It seems almost certain that we'll be seeing the first batch of 4K Blu-ray discs hit the shelves in time for the Christmas buying season after new standards for the next-generation discs were agreed.

According to 4K.com, "a more or less conclusive agreement" has been reached by the Blu-ray Disc Association (BDA) that paves the way for the first Ultra HD-capable releases as early as mid-2015.

It's thought the BDA will support three separate High Dynamic Range (HDR) technologies in its 4K Blu-rays, including specs from Dolby Vision and the HDR system being developed by Philips.

MORE: CES 2015 – BDA confirms preliminary spec for 4K Blu-ray discs

A joint HDR standard from Technicolor is also expected to be supported, along with the concept of "better pixels" that are designed to improve the picture quality of 4K resolution screens in future.

The discs themselves are also set to change, with a 66GB dual-layer and a 100GB triple-layer Blu-ray disc expected to become the medium. Video will be encoded with the h.265 HEVC codec.

Speaking to What Hi-Fi? at CES 2015, the BDA's Victor Matsuda said the data transfer speeds will prove a big advantage for discs over streaming 4K – as high as 108mbps (dual-layer) or 128mbps (triple-layer). 

MORE: Ultra HD 4K Blu-ray spec is about "more than resolution"

More after the break

That compares with the 15mbps that Netflix claims will be sufficient for streaming 4K content using an internet connection – and it's only a year ago Netflix was skeptical that 4K discs would emerge.

Matsuda also revealed that the colour bit depth is set to increase from 8-bits to 10-bits per channel, with Ultra HD Blu-ray discs able to support resolutions up to 3840 x 2160 at up to 60fps.

And let's not forget that new hardware capable of supporting 4K Blu-ray discs is also in the pipeline – Panasonic's prototype 4K Blu-ray player witnessed at CES 2015 (above) is just one example of that.

MORE: How to watch 4K content right now

 

[via 4K.com]

Comments

simonlewis's picture

YAY          I have heard

YAY     Good     I have heard though that the first gen blu-ray players will be around £1000, i'm hoping thats just a rummer and they will be a lot less.

Andy Clough's picture

4K Blu-ray

No indication yet what 4K Blu-ray player prices will be - so far we've only seen the prototype Panasonic model, and we have no price for that.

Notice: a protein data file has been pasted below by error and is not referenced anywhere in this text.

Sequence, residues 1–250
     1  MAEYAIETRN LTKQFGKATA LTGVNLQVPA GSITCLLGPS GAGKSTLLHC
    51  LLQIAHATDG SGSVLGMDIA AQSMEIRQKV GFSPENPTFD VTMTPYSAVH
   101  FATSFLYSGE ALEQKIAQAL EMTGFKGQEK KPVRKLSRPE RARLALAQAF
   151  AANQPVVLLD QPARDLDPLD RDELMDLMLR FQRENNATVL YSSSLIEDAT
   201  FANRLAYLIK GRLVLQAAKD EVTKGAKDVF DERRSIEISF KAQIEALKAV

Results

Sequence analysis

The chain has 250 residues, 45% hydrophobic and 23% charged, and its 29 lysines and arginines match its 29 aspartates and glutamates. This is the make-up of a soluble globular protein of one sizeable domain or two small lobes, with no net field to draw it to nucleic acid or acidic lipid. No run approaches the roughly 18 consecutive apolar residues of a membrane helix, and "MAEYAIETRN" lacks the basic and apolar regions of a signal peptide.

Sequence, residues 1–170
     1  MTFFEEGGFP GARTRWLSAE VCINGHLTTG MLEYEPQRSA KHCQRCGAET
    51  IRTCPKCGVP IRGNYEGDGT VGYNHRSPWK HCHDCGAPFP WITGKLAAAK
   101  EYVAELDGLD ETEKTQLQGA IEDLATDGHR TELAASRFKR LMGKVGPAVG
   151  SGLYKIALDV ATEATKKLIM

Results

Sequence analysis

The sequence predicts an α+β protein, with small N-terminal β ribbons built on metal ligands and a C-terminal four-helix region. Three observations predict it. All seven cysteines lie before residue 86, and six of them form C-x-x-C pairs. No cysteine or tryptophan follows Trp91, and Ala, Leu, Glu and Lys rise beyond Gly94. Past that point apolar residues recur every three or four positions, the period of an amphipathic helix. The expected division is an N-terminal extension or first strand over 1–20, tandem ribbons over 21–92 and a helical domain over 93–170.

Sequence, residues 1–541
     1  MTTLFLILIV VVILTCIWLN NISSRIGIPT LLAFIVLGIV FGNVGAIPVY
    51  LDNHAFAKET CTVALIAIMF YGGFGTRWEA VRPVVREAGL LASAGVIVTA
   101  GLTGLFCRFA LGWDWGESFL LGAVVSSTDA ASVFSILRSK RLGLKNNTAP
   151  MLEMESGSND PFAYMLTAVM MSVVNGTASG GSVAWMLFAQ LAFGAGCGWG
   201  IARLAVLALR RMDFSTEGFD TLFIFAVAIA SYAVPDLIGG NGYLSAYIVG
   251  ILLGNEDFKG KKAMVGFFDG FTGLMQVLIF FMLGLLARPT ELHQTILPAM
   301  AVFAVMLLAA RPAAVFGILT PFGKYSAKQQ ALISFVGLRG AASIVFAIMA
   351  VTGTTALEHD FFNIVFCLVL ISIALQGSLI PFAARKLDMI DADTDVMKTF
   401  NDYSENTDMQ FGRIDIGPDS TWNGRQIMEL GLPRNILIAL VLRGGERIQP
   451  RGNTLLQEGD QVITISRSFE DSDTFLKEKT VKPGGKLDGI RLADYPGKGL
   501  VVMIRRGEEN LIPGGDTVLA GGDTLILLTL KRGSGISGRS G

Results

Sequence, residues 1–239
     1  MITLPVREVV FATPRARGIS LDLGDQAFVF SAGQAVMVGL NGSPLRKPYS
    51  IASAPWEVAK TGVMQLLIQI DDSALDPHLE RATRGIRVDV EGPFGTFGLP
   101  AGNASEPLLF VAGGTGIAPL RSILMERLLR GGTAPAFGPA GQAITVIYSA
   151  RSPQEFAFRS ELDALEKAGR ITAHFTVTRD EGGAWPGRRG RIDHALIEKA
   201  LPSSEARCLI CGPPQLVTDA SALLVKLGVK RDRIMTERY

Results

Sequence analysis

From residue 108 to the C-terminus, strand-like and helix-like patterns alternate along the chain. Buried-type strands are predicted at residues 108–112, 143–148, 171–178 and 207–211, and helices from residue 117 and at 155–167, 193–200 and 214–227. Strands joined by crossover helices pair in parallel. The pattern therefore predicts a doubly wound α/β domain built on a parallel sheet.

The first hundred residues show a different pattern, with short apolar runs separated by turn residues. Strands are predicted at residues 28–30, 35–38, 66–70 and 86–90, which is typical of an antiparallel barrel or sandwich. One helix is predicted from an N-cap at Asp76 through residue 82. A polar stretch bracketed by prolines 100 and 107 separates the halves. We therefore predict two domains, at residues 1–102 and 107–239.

AlexAtkinUK's picture

Yet no 3D support!

I expect you will have to buy ANOTHER new 4K player in a years time when they finally add 4K 3D to the specification.

Glacialpath's picture

I think this is beyond a joke

I think this is beyond a joke.

Yes the specs are far better but the BD market didn't really take off as well as DVD in it's 8-9 year life and now they want to throw another disc at us. Authoring housed barely managed to keep up with what little BD titles (against DVD) there are going through them. Mostly because of the stupid econamy that troubled the world.

As I've said elswhere on the site it's about time the industry were made to come up with a medium and a worthy res (which 4K is well worth home entertainment) and find a way to deliver it withough waisting discs. BD is very good but the video is still compressed and I've seen uncompressed HD video and it looks a lot better than compressed disc based content.

Then you've got the silly framerate issue that all the manufacturers have had to try and get round to give us a smooth picture. Digital may be very clean but the play back of DVD and BD are far from perfect no matter how much you spend.

If they address all that before flooding the market with 4K discs then they might be on a winner. I hate it that the average viewer puts up with or I guess just can't see all the jitter a flaws in HD delivery. 

As far as i'm concirned digital is either still not fully understood or the industry have to cut too many corners to save money. I not for one minute saying we need to go back to analogue though.

gagagaga's picture

No chance on uncompressed...

720*405 (SD 16:9) at 24 bit / 24p is 20MBytes a second for video only - that's 40 minutes on a full 50GB Bluray. 4K at 12bit /24p is over 800MBytes a second - or about a minute on a 50GB Bluray.

Better bit depth to stop colour banding and better chroma resolution might be possible though, but there's a limit to bandwidth, and there needs to be a compromises made to meet them.

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